Structural change has been indicated in the monthly Cattle on Feed reports for over a year. Fewer and fewer cattle are being fed in feedlots with a one-time capacity of less than 1,000 head. Those farms often include cropping enterprises and have made adjustments caused by high crop prices and negative cattle feeding margins.
USDA's monthly Cattle on Feed report only includes feedlots with over 1,000 head capacity and those feedlots represent an increasing proportion of U.S. cattle being fed. A result has been that the report can show inventory and marketing numbers above a year ago, but steer and heifer slaughter does not increase proportionally, in fact slaughter has often posted year-on-year declines. Expectations that "more market ready cattle are ahead" have tended not to materialize.
Now, let's review the Cattle on Feed report recently released. For the first time in any month during the last two years the on-feed count was below a year ago. As of May 1, the year-on-year decline was 0.6 percent (65,000 head).
Marketings during April were larger than pre-report estimates (including those of the LMIC), as has often been the situation in recent months. Analysts expected marketings below a year ago (down about 1.5 percent), but producers reported to USDA numbers slightly above a year ago.
Marketings in the report historically track rather well with steer and heifer slaughter, after making adjustments for the number of Canadian animals imported directly for harvest. In fact, USDA figures put steer and heifer slaughter for the month of April at 4.5 percent below 2011's.
As expected, placements of cattle into feedlots were below a year ago during April, down 15 percent. The average of pre-report estimates indicated a 12 percent drop. The year-on-year decline was due to:
1. Large numbers forced into feedlots last year because of drought.
2. Huge red ink on feedlot closeouts and no opportunity in April to lock in anything close to a breakeven sales price for purchased feeder cattle using risk-management tools.
3. Shrinking cattle supplies. Head placed in all weight categories were below a year ago, with the lightweight category (under 600 lbs) down 20 percent.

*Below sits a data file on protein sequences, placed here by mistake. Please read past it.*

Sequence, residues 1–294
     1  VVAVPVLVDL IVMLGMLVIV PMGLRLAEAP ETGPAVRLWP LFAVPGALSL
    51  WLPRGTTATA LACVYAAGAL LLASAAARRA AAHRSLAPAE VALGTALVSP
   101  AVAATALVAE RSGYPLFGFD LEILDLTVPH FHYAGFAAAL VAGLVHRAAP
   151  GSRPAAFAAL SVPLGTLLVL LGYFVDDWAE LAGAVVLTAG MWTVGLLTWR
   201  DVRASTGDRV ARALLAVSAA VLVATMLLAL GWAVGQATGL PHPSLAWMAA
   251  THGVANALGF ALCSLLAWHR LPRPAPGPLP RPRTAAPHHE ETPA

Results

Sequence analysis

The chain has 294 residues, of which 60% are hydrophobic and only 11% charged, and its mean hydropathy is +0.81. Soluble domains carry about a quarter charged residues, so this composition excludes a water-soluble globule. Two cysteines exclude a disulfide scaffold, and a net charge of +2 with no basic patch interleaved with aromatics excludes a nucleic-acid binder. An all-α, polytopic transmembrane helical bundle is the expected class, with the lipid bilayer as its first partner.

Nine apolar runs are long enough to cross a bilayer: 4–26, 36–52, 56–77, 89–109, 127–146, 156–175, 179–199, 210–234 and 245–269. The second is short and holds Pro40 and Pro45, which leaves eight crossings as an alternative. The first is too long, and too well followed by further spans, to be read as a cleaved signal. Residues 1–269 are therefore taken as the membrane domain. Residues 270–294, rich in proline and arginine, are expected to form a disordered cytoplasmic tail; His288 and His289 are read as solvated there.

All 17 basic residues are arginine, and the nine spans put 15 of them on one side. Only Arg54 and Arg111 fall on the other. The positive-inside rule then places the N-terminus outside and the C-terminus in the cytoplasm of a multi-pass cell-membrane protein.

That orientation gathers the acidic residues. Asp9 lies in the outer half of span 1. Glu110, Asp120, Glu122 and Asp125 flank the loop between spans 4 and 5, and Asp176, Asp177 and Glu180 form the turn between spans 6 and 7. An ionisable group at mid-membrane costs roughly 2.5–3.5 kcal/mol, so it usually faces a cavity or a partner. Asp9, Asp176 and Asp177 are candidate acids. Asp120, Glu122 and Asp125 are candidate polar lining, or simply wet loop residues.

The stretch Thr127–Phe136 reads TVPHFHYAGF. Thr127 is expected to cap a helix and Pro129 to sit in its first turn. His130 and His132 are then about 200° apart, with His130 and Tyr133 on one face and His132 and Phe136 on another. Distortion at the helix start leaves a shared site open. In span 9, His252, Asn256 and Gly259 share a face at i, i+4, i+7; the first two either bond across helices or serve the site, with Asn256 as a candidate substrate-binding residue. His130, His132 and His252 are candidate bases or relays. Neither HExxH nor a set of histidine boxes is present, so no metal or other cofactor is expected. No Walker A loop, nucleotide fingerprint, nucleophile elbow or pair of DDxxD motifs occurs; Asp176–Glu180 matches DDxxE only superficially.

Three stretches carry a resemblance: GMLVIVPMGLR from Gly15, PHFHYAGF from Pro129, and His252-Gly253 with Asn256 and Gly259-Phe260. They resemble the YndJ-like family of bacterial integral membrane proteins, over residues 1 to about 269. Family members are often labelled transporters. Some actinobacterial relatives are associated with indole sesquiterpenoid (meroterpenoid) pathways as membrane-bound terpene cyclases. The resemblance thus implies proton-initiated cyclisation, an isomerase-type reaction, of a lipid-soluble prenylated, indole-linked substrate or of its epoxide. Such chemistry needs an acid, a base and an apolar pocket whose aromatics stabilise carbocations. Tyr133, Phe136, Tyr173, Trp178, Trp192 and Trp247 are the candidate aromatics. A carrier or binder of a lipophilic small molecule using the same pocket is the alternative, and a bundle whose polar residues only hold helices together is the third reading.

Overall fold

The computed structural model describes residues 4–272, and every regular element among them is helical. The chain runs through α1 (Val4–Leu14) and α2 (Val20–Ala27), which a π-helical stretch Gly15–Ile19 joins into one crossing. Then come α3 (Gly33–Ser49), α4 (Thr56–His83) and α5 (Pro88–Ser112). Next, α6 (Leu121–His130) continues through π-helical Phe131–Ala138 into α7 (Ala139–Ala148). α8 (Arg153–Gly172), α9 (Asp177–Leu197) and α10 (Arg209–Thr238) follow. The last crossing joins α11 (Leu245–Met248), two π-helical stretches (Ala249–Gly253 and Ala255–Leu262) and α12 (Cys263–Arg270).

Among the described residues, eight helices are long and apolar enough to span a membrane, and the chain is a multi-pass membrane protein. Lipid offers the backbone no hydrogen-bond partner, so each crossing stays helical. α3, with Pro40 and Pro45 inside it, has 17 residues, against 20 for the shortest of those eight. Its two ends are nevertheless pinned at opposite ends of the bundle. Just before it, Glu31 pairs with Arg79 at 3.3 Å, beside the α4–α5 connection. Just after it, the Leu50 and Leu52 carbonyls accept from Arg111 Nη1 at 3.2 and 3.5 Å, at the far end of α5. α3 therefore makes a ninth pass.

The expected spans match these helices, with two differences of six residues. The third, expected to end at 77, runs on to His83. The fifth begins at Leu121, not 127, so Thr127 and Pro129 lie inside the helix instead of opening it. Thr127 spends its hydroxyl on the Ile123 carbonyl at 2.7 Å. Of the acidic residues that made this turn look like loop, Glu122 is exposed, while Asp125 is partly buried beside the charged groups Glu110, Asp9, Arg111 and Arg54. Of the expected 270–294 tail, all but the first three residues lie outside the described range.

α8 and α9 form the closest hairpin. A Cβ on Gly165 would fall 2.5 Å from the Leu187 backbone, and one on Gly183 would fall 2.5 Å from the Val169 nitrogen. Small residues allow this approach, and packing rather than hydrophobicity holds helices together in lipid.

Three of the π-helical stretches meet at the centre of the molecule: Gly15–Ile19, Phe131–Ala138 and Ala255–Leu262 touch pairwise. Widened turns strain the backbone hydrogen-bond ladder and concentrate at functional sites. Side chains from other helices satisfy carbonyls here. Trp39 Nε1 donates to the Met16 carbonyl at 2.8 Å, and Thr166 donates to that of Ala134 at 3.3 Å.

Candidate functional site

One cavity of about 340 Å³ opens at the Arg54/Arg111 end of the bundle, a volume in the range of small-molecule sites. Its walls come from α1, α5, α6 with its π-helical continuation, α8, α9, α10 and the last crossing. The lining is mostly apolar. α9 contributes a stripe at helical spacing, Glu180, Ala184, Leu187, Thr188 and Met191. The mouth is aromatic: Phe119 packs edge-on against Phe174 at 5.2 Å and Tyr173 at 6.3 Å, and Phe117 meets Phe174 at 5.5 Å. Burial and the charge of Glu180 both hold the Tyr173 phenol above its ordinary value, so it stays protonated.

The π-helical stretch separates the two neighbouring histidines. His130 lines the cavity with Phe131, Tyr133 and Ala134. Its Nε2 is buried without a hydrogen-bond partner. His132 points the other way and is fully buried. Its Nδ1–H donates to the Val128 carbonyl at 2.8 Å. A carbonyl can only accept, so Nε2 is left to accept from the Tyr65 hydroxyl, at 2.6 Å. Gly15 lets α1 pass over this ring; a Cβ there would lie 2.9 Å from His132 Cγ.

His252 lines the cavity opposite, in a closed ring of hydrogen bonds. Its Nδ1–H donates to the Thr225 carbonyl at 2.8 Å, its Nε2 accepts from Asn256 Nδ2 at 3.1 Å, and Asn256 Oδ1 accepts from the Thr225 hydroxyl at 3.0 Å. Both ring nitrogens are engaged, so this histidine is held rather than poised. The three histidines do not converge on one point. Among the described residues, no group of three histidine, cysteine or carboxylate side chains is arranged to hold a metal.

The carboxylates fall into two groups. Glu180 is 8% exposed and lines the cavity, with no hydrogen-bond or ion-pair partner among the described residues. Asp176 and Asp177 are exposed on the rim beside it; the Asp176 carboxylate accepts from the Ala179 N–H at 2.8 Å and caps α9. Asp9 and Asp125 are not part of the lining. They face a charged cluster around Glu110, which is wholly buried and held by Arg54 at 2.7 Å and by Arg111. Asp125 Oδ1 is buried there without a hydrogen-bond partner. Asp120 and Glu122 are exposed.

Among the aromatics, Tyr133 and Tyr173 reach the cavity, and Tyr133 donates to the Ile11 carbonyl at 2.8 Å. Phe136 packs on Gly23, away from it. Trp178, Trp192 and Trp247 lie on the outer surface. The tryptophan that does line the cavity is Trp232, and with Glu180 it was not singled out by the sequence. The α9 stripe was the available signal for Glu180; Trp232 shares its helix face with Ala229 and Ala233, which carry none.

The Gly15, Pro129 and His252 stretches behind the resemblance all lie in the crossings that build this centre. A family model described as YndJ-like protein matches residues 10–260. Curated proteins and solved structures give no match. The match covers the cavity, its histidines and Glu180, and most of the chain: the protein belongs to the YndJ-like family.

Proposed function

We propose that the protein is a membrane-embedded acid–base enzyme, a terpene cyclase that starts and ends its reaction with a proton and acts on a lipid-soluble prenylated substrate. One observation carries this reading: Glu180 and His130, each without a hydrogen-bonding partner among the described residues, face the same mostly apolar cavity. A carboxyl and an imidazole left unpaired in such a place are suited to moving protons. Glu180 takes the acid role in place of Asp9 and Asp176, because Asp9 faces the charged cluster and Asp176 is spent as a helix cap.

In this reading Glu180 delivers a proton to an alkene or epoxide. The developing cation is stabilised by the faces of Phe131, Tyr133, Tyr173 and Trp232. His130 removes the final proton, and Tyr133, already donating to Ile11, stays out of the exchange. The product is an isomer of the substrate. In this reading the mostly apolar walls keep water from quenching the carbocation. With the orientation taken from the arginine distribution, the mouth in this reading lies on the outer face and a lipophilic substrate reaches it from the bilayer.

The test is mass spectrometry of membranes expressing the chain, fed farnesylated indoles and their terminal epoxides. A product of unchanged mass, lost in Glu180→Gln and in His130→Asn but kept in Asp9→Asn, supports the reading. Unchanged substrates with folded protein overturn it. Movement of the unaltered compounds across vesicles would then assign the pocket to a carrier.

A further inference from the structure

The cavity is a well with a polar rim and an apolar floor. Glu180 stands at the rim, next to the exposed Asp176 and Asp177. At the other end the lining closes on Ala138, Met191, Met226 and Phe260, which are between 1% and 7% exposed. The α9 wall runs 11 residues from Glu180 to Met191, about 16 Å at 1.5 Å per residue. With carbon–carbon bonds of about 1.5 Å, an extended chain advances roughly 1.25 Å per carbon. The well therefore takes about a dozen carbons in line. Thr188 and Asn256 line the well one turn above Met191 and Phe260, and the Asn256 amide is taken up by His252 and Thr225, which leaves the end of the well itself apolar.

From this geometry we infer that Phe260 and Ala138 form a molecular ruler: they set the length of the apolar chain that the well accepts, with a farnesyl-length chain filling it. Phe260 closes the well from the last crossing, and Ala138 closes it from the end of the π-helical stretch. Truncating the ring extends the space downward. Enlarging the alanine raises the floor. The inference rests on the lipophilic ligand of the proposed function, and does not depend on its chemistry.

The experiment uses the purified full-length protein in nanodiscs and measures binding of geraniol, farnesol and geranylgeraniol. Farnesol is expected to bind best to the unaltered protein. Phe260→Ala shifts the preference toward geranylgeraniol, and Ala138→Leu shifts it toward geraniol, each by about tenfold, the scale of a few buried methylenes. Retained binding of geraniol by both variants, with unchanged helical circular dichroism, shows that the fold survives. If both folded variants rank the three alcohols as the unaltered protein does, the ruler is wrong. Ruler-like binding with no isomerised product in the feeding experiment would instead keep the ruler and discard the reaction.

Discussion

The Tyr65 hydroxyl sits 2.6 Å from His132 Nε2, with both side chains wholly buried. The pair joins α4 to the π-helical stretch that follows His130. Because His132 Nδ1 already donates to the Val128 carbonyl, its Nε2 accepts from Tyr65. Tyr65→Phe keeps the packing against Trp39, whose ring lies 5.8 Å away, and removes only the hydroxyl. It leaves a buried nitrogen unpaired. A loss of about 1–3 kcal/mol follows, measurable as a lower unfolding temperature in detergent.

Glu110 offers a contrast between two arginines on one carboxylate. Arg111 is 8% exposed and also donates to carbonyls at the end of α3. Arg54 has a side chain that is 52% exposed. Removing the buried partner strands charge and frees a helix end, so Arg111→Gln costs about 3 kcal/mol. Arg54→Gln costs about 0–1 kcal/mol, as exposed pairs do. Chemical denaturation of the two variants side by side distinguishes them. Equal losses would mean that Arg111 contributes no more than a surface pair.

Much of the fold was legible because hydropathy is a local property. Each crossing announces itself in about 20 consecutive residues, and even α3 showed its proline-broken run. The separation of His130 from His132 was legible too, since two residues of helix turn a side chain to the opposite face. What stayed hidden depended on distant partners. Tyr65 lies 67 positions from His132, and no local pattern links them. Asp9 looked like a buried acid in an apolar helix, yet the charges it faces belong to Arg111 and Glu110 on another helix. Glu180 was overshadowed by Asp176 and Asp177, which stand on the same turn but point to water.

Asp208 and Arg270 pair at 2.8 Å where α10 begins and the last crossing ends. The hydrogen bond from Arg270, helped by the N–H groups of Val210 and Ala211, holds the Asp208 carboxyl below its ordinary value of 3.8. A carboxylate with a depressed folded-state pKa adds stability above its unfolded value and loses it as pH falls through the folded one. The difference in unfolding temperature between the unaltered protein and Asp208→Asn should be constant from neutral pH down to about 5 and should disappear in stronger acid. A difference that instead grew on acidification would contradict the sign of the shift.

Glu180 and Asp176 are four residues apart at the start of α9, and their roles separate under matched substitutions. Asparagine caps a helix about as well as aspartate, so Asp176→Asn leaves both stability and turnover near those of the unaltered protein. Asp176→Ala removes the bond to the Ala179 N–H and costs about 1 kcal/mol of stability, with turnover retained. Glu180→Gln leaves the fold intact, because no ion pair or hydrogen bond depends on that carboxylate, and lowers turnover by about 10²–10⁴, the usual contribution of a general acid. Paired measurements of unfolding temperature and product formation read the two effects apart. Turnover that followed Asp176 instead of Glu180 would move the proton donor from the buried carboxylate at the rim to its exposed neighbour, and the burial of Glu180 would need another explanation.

What are the implications of the latest Cattle on Feed report? In terms of futures market prices for fed cattle, the lows have most likely already been set for this year. The June contract rebounded this past week.
As has been the case for some time now, steer and heifer slaughter will be smaller than a cursory view of the report indicates. Based on recent trends and the May 1 number of cattle on feed in the 1,000 head and larger feedlots at 1 percent below a year ago, steer and heifer slaughter in several coming months down at least 3 percent would be consistent.
As futures market prices recently strengthened:
1. It became increasingly apparent that there was not a backlog of market ready fed cattle.
2. Cattle on Feed pre-report estimates were viewed as supportive.
3. Wholesale beef markets strengthened.
Cash fed cattle prices gained ground. Live slaughter steers were up $2.88 per hundredweight (cwt) for the week and were 14 percent above a year ago. The weekly average wholesale price of Choice beef (Boxed Beef) increased to the highest level since early March.
Yearling and calf prices were generally higher compared to the prior week, with sale volumes seasonally declining, and many auctions from Kansas north have ramped-down sales for the summer. Compared to a year ago, in Oklahoma calf prices (500 lbs to 600 lbs) were up fully 23 percent while yearlings (700 to 800 lbs) were up a more modest 16 percent.
Corn costs increased during the week as reports circulated of smaller South American crops due to drought and buying interest from the Chinese. For the week, corn prices at Omaha increased by 44 cents per bushel, but were 11 percent below a year ago. For the week, Distillers Dry Grains (DDGS) costs increased some.
—From In The Cattle Markets newsletter from North Dakota State University, Mississippi State University, American Farm Bureau Federation and Kansas State University. Jim Robb is the center director for the Livestock Marketing Information Center.
For the first time in any month during the last two years the on-feed count was below a year ago. As of May 1, the year-on-year decline was 0.6 percent (65,000 head). Staff photo.